Unless deliberate, or “directed”, the Chief of the Air Staff has deviated from the apolitical flight path of his military peers and entered a murky, turbulent, zone that is the dogfight between the ruling Bharatiya Janata Party and the Opposition Congress over the Rafale deal.

While Air Chief Marshal BS Dhanoa was fully entitled to comment on the technical aspects of the combat aircraft, since price negotiations are not directly handled by the IAF there was little requirement for him to insist that it was a better price than what was secured by the previous government when processing plans to acquire 126 jets. The two deals are vastly different, one involved a technology transfer and joint production, the other a limited purchase of 36 units in a fly-away condition.

Such details need not detain the layman, and surely the defence minister, Mrs Nirmala Sitharaman, is more than capable of shooting down anything that Rahul Gandhi and his chorus might throw at the government. When the Bofors controversy “broke” in the late1980s, the then Army Chief, Gen K Sundarji had restricted himself to talking about the qualities of that gun, not about the alleged kickbacks. Alas, the present Chiefs tend to make comments that lend themselves to political interpretation ~ like the Army’s head calling for the Bharat Ratna for Cariappa at a time when Karnataka is heading for elections. It would not be in the IAF’s interests to get embroiled in the Rafale rumblings.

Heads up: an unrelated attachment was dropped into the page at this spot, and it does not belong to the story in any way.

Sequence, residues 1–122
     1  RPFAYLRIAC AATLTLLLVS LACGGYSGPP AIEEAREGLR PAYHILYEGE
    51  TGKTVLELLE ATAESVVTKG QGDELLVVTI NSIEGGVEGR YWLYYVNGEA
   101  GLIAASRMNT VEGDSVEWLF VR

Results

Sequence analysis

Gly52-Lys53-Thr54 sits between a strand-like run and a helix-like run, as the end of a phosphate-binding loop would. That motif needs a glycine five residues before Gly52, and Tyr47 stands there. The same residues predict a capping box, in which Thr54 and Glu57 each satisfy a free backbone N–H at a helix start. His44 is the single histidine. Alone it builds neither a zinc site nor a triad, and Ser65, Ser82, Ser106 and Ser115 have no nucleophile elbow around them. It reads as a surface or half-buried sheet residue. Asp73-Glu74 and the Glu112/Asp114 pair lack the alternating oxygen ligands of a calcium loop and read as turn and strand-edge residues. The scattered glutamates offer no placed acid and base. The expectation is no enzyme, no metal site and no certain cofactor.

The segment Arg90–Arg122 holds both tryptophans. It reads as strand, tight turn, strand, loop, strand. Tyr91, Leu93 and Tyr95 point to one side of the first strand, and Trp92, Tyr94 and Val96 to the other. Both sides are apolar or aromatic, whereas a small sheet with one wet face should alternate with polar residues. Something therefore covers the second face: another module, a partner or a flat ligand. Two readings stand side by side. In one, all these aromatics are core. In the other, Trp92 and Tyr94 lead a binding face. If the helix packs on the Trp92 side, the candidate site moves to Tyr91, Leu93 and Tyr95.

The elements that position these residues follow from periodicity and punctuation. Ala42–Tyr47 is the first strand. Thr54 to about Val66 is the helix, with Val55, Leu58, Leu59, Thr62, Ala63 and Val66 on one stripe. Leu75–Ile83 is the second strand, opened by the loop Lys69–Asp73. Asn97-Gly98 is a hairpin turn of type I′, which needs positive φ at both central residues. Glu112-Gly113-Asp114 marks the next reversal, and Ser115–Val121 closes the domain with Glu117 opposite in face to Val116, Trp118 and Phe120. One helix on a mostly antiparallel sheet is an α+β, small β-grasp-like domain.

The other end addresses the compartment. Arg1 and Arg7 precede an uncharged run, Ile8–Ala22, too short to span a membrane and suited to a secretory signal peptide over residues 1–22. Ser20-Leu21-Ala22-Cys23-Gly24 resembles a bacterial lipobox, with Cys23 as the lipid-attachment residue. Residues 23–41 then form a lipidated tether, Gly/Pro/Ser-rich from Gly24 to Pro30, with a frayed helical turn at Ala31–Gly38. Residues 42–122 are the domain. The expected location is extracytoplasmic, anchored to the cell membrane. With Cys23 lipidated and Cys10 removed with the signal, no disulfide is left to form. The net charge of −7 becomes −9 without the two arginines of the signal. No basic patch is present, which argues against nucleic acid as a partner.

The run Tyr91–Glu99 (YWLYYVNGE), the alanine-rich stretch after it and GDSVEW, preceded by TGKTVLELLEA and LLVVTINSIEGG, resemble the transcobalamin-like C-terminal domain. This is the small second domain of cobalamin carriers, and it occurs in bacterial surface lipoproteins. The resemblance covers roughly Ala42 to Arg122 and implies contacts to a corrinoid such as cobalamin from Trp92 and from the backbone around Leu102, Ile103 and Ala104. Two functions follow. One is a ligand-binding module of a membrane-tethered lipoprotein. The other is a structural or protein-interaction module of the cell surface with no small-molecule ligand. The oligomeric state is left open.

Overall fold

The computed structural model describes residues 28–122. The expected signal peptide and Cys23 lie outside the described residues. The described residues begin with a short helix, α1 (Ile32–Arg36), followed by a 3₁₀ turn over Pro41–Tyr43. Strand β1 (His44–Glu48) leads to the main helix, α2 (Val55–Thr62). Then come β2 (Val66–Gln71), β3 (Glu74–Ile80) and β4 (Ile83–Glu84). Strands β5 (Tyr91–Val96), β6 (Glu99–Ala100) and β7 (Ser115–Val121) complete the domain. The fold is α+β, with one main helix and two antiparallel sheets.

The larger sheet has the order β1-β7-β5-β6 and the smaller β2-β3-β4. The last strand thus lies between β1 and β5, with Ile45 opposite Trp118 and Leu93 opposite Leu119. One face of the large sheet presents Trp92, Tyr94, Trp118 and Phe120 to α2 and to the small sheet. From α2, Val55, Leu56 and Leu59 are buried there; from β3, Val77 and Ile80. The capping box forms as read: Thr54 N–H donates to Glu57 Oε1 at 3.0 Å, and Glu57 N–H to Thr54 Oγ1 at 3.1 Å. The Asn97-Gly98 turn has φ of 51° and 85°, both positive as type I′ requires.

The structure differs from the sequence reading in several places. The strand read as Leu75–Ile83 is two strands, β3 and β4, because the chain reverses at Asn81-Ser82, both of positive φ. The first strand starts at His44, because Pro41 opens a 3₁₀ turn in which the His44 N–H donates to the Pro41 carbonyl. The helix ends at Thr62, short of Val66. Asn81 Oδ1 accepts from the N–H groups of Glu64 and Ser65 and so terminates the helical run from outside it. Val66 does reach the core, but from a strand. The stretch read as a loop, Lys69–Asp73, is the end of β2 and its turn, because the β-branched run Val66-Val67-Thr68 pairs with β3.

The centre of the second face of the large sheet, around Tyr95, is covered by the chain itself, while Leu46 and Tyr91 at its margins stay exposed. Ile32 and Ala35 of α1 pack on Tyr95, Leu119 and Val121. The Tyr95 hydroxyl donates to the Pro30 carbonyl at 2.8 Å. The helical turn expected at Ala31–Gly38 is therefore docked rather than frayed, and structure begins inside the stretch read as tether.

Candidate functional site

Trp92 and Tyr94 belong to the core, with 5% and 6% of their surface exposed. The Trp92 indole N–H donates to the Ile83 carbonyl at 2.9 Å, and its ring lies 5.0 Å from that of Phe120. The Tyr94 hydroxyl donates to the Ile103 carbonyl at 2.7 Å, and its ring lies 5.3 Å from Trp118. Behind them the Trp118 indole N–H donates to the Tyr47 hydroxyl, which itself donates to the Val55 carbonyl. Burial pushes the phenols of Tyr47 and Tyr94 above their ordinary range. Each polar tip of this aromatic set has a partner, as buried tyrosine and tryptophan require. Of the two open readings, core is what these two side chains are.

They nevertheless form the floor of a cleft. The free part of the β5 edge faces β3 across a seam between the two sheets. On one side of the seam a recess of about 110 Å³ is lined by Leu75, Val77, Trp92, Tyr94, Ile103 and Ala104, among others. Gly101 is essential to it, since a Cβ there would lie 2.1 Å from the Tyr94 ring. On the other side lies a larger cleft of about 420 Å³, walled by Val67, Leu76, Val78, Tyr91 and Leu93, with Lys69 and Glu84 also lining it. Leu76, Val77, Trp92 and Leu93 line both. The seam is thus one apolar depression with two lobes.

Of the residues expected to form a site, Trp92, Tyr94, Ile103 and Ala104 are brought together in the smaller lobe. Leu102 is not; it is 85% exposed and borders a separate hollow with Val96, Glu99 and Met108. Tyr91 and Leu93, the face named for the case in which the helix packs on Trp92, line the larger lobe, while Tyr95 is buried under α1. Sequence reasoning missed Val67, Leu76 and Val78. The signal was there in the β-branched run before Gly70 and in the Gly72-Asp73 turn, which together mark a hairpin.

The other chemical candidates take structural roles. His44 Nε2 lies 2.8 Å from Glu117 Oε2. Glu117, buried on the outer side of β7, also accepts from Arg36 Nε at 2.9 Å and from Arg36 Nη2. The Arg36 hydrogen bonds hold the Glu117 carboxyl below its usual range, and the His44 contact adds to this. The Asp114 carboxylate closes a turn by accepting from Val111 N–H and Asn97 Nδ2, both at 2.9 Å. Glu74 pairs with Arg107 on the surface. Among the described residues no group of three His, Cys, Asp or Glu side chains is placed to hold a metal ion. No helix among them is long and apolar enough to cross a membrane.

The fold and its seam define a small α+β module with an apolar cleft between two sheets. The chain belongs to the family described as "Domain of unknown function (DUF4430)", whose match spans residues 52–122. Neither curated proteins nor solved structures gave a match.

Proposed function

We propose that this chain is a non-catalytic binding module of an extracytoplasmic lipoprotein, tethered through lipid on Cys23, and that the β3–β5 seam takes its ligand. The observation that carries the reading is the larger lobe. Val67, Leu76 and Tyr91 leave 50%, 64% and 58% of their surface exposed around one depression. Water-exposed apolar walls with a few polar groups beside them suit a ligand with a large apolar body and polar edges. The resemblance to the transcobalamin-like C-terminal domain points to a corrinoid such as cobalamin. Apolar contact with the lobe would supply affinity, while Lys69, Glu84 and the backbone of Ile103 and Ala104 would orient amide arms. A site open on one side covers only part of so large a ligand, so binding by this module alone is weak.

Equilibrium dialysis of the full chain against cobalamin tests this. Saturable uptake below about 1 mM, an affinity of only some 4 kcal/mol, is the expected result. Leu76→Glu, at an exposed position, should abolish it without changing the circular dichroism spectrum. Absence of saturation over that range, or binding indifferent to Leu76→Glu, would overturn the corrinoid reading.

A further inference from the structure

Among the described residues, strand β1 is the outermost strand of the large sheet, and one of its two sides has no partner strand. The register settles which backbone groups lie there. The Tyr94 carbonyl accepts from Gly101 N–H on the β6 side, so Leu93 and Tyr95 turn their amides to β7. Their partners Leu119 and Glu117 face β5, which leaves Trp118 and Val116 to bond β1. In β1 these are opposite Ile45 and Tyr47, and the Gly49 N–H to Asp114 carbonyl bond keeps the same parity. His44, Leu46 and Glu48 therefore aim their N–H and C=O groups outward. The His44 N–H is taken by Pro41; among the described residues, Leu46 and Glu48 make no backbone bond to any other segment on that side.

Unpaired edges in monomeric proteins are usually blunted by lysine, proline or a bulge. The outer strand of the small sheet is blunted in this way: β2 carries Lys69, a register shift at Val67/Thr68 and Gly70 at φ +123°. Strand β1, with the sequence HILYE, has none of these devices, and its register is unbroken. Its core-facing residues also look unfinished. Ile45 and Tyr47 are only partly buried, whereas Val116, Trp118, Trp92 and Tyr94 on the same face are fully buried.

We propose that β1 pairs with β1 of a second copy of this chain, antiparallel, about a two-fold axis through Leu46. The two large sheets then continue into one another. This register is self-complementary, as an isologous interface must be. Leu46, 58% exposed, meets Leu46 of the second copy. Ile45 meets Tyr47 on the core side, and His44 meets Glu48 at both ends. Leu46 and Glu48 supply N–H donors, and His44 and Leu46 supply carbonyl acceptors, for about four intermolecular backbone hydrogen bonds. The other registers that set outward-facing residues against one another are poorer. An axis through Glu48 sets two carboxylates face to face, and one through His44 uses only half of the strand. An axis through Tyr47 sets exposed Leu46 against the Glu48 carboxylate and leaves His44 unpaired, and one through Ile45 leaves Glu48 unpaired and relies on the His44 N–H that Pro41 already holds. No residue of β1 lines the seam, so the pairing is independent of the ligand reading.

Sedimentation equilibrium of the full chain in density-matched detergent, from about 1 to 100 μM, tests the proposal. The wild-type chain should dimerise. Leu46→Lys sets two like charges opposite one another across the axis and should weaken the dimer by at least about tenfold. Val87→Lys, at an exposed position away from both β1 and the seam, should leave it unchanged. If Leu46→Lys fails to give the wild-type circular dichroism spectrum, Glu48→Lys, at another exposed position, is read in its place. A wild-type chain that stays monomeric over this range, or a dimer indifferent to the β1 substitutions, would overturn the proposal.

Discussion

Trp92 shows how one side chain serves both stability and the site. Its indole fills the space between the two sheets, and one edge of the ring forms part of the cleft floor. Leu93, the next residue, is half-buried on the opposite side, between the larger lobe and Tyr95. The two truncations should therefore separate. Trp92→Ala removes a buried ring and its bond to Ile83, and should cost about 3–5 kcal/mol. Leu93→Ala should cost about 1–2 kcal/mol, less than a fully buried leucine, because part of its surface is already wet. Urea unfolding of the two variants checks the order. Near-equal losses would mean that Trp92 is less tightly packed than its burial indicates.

The French principal, and the domestic “partner” have both clarified their positions ~ let the political leadership do whatever else is deemed necessary, the air warriors would do well to stay aloof. It is intriguing that though the Rafale deal was sealed a couple of years ago the Congress party has opted to smell a rat only on the eve of the Gujarat election. Is it still smarting over the Bofors howitzer blasting Rajiv Gandhi out of the PMO, and Sonia’s bid to kick up a storm over “coffingate” falling flat?

Maybe not, but Rahul will have to present something more concrete than tweeting tricky questions to convince that the Rafale purchase is skewed. Allegations of corrupt defence deals are now par for the political course, few of them ~ Bofors guns, HDW submarines, Agusta Westland helicopters ~ have actually “stuck”. Yet the cancellation of the contracts following allegations of corruption negatively impacted the modernisaton of the forces and shattered their morale. Not that the politicians were bothered, their lives are never “on the line”.

Yet, if the government can seek political advantage from the “surgical strikes” the Opposition would feel justified in alleging “kickbacks” at the drop of a hat. That is the collective shame to which the armed services have been condemned. Not surprisingly, some brass hats have started “playing games” too.